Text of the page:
From his high perch atop the step ladder, American ex-pat Gerald Murphy, 33, can get a better view of the huge canvas he is working on, refurbishing the sets for the Ballets Russes.
Serge Diaghilev, 49, the founder and director of the ballet company, has asked Gerald, his wife Sara, just turned 38, and some other young students who are studying painting to travel out here daily to his atelier to work on restoring the sets designed for his Ballet by local artists. Such as George Braque, 39. Andre Derain, 41. Pablo Picasso, 40.
The Murphys jumped at the chance. Not only have they had the opportunity to meet some of the top cubist painters of the time, they get to hang out with the crowd around the Ballets Russes. Gerald is thrilled that they are not only allowed to watch rehearsals, they are expected to. And to discuss their opinions of the work.
These artists are not like the ones the Murphys have known before in America. Gerald sees Picasso as “a dark, powerful physical presence,” like a bull in a Goya painting. And the Spaniard seems particularly interested in Sara.
Their life in Paris is so much different—so much better—than what they left behind in America when they boarded the SS Cedric for Southampton, England, in June.
Gerald has taken a leave of absence from the landscape architecture course he was enrolled in at Harvard. They packed up the kids—Honoria, 3 ½; Baoth, 2; and Patrick, 8 months—and the nanny and spent some time in England visiting the stately homes that Sara had known when she lived there as a child.
Didn’t like it. Really hot summer and the gardens were all parched and brown.
So they decided to go to Paris for a bit and then head home.
But when the Murphy family arrived here in early September, their American friends convinced them to stay. Everyone’s coming to Paris.
After they had been in their furnished apartment at 2 rue Greuze for about a month, Gerald was stopped in his tracks by a display in the window of an art gallery: Cubist paintings, like the ones he had seen in the Armory Show in New York eight years ago, by some of the same artists—Braque, Derain, Picasso.
Gerald told Sara,
That’s the kind of painting that I would like to do.”
He and Sara found a recently arrived Russian cubist/futurist, Natalia Goncharova, 40, who teaches painting in her studio on the rue de Seine in the Left Bank, and they have been taking lessons from her every day. Goncharova only allows abstract painting, nothing representational. Or, as Sara says,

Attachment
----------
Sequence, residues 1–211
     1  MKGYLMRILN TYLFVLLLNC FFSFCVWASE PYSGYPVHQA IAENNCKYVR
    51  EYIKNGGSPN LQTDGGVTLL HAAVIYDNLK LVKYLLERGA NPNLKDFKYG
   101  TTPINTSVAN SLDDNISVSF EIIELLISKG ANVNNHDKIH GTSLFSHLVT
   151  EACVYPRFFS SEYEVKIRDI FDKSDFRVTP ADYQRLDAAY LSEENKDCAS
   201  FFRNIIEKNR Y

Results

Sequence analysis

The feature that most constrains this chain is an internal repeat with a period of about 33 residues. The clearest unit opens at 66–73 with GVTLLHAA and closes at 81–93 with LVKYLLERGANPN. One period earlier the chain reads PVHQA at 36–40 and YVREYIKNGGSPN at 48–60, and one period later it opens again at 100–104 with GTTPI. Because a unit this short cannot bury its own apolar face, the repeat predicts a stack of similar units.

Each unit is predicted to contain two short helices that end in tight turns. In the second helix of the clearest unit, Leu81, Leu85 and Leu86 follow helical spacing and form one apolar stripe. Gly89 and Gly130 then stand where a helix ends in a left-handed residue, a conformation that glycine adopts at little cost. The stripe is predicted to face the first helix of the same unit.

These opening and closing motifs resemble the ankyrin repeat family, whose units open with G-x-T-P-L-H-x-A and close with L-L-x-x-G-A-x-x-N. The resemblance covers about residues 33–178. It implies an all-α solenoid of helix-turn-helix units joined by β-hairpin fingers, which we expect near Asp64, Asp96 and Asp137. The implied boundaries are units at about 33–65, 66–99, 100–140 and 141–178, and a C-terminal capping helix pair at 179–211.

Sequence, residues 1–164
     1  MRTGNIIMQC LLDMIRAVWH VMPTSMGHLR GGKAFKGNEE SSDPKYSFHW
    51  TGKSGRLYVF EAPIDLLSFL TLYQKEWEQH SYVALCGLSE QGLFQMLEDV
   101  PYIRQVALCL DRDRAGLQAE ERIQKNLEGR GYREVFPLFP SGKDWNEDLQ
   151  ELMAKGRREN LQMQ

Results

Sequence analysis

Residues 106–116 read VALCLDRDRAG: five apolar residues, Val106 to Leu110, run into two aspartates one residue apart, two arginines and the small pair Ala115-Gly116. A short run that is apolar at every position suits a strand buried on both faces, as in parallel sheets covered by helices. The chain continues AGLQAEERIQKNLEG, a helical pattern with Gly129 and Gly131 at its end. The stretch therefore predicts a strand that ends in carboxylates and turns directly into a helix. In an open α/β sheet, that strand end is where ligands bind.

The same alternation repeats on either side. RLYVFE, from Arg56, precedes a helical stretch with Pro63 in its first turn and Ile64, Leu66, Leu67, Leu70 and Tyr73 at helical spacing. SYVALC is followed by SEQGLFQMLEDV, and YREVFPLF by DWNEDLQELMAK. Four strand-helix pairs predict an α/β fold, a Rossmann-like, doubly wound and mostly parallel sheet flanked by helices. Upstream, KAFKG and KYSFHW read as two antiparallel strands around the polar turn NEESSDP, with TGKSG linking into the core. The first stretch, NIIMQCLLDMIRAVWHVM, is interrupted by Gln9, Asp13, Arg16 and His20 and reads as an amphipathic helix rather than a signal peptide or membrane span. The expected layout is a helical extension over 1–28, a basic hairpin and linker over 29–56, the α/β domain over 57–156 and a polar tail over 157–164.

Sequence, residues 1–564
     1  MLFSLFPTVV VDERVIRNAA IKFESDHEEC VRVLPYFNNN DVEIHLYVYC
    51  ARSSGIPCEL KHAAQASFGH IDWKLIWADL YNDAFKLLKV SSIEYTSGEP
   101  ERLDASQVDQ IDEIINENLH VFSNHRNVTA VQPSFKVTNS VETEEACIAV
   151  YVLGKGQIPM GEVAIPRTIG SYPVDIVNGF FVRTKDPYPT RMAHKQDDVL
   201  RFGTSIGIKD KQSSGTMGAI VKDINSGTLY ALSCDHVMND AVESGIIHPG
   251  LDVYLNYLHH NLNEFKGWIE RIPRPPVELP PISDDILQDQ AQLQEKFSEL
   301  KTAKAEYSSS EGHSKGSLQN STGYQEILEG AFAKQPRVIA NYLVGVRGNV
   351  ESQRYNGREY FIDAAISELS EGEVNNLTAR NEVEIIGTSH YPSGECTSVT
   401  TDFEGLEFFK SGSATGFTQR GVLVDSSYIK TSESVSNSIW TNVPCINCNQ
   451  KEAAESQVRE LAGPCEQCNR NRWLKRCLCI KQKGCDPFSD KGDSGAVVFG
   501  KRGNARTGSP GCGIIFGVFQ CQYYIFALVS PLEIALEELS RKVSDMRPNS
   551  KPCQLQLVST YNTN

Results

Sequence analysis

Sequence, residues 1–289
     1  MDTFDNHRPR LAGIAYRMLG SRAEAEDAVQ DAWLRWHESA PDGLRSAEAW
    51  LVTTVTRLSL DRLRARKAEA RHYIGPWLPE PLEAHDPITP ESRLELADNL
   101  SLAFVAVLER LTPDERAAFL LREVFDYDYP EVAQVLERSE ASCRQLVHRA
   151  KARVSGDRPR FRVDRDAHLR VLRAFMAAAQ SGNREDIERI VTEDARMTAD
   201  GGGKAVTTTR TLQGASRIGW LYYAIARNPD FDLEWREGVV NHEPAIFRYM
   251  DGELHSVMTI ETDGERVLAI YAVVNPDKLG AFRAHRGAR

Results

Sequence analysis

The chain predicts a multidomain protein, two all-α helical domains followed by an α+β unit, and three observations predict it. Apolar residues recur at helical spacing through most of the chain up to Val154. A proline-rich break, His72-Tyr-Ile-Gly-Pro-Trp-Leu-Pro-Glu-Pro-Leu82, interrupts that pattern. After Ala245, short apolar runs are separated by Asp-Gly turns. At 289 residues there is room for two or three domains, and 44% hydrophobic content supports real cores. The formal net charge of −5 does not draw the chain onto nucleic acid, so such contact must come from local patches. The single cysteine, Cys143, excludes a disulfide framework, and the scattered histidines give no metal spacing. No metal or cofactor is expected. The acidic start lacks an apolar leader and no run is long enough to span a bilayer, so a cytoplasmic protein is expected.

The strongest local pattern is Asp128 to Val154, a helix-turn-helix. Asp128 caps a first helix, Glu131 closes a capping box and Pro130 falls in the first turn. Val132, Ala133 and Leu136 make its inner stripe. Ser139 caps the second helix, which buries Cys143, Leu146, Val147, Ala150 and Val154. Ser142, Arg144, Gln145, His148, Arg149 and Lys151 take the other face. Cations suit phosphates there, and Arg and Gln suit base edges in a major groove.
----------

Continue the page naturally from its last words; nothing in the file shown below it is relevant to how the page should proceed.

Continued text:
No apple on a dish.”
Goncharova has created set designs for Diaghilev, so she told the Russian impresario about her eager American students and he immediately sensed an opportunity for free labor, getting his sets fixed up for the coming spring season.
The Murphys don’t mind volunteering their services. They have Sara’s family income of about $7,000 a year, and the franc is going for less than 20 cents on the dollar.
And in France, they can have cocktails with dinner. No Prohibition.
Set and costume designs by Picasso for the Ballets Russes
“Such Friends”: 100 Years Ago… is the basis for the series, “Such Friends”: The Literary 1920s. Volumes I and II covering 1920 and 1921 are available as signed copies at Riverstone Books, Squirrel Hill, Pittsburgh, PA, and in print and e-book formats on Amazon. For more information, email me at email@example.com.
At the end of February I will be talking about the Publication of James Joyce’s Ulysses at the Osher Lifelong Learning Institute at Carnegie-Mellon University.
Manager as Muse, about Scribner’s editor Maxwell Perkins’ relationships with F. Scott Fitzgerald, Ernest Hemingway and Thomas Wolfe, is also available on Amazon in both print and e-book versions.
If you want to walk with me through Bloomsbury, you can download my audio walking tour, “Such Friends”: Virginia Woolf and the Bloomsbury Group.